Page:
Monday, 23 September 2013

Credit where credits are due . . . .

As I sit writing this I'm on a train heading north, en route to meet my wee aunt Myra for a  couple of days in Fort William, we'll take a stab at ascending Ben Nevis and no doubt have a good laugh while we're at it. The sun's shining outside and I'm feeling quite relaxed. That said, there's something tickling the back of my mind, it's telling me not to get too comfortable, which is probably a good thing. You see this trip is probably the last chance I'll get to relax for the next nine months. 

Next week I'm back to uni and for the following nine months  I'll be Drew Long, honours student, law clinic advisor and part time croupier, in that order. It's going to be a lot of work and will mean that I don't have too much free time. One of the blessings of the way my uni does things is it allows me to make my work at the clinic directly relevant to my studies. As part of my honours syllabus I've chosen to study "Ethics and Justice", a class ran by the law clinic director, Prof. Donald Nicolson, which awards credits for integrating case work done at the clinic with reflective essays on the ethical implications and issues raised by the work. This class represents what I hope will be a perfect blend of the practical, theoretical and academic side of a career in law.

I have been assured by other students that this is by no means an easy class, the reading list is extensive and the degree of weekly preparation required  is not for the faint hearted. . . . challenge accepted! (I'll suit up if any of my cases go to court). Despite this I am looking forward to this class more than any other. I relish the prospect of being encouraged to look at real world, concrete examples of legal work, assessing it in terms of its ethical implications then looking at how this should affect legal practice.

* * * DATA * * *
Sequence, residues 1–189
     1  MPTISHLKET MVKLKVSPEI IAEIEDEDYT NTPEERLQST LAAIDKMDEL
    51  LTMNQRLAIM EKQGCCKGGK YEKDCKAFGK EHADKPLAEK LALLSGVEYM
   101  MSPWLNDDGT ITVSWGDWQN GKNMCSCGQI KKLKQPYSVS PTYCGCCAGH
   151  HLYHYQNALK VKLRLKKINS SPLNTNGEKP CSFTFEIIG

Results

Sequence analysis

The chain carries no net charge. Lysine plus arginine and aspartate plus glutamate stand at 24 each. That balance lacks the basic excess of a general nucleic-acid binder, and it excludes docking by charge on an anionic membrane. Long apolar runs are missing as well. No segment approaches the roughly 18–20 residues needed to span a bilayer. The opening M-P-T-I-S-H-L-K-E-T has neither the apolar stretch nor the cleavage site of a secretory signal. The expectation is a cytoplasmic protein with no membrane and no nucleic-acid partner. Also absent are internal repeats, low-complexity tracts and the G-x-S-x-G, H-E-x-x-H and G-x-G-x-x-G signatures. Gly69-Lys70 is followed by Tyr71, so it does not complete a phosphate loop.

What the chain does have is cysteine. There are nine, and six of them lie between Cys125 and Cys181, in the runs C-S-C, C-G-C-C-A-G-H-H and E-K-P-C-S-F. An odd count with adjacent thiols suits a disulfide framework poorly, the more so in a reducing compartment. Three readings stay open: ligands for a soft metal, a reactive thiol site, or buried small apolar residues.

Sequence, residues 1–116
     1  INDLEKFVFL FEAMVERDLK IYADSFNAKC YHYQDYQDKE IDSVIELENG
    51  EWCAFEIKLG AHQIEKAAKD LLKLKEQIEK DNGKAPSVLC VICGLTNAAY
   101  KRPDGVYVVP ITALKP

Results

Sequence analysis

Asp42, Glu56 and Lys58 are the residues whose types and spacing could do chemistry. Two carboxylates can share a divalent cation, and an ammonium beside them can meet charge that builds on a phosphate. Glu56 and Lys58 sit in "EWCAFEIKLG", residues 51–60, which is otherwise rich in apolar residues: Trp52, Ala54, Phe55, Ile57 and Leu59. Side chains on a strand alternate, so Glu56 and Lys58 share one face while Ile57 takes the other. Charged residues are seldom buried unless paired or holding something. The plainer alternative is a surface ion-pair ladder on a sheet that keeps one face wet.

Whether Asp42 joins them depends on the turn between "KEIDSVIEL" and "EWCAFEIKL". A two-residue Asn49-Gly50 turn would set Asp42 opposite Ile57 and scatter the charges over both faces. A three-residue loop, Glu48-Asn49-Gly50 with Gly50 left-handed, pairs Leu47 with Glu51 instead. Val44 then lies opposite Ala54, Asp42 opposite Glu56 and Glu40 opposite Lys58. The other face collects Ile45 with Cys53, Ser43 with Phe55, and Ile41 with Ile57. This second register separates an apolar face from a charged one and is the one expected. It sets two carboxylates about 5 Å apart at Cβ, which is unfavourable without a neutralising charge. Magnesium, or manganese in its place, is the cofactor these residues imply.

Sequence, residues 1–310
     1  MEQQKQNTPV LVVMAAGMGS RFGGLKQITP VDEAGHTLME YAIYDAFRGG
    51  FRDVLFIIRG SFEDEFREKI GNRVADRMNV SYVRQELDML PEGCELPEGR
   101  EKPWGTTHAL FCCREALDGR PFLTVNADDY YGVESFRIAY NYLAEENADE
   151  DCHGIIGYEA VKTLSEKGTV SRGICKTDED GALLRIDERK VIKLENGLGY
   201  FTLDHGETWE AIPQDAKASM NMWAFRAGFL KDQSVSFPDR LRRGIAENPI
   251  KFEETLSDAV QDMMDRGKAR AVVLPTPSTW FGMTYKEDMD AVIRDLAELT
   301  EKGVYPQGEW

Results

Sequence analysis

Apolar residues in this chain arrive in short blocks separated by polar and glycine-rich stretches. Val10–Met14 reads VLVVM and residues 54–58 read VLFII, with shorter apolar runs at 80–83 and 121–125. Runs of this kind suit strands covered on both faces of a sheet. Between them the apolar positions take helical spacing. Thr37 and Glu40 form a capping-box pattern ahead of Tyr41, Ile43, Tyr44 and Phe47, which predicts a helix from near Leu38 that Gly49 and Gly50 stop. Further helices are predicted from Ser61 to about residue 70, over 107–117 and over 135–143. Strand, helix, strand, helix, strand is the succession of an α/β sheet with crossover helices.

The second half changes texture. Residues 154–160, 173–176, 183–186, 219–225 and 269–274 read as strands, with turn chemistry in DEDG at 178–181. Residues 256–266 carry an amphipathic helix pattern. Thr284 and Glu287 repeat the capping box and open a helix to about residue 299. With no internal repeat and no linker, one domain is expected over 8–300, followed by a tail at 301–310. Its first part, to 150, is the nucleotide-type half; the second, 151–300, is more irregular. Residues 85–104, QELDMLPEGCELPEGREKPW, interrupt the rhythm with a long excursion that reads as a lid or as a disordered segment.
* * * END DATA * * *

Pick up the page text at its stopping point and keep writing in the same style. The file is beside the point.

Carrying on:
I began my studies prior to the introduction of the clinical LL.B programme, something which I would  have been very keen to be a part of. With this in mind I was delighted to find that this class, an integral part of the clinical LL.B, was open to those of us not on the the clinical programme. The ethos of the clinic is a good one and I'm proud to be involved with its work. By doing practical legal work for those unable to afford representation, then making an effort to view it dispassionately from a considered academic, ethical and moral point of view I hope to start forging a professional identity which I can be truly proud of. It surely can't be a bad thing that in so doing I can earn credits towards my degree.

Saturday, 7 September 2013

Ding ding, round four

Now is the time, after a year of night school, three years of part time study, one year of full time study, 21 classes, 19 exams and 38000 words of assignments things are about to get serious. Yup, you guessed it, it's the dreaded honours year!

After all the blood, sweat, tears, assignments, moots, voluntary work & study sessions of the last few years I've now got to really pull it out the bag. If I'm going to become a solicitor or dare I say it, an advocate or lecturer one day I must ensure that every piece of work submitted this year is of the highest possible standard. Every mark counts, anything short of a 2:1 and I'll struggle to get a decent training contract and the faculty of advocates will forever be closed to me.

So what's the plan? Michelle Hynes has written a great blog post about the way to go about the dreaded dissertation. Time management seems key. With that in mind I've taken a few steps to free up some time for the coming year: I've stopped volunteering at CAB; I've told the mooting society that I'm taking a "gap year"; and I've made a point of getting all my "life admin" out of the way during the summer.

As far as the dissertation goes, in an effort to be super organised I had a topic in mind early in the year. I was going to focus on a piece of legislation which hadn't been published yet. Then, when the draft bill was published it was worded in such a way that it destroyed my plans. Dammit, back to the drawing board. Well almost. You see by planning early I had secured a supervisor, who has been extremely helpful in re-directing my thoughts and making sure my early work was not entirely in vain.

So here we are, T-minus 3 weeks until the beginning of term, the calendar's set up on the wall, I've tried to remove all unnecessary distractions and drains on my time. I'm feeling a peculiar mix of optimism and terror, which I recon is normal. It's time to get the "Rocky" music playing and dig in for the toughest academic year of my life.

I'd ask you to wish me luck, but I think luck has very little to do with it, this year's all about hard graft. . .

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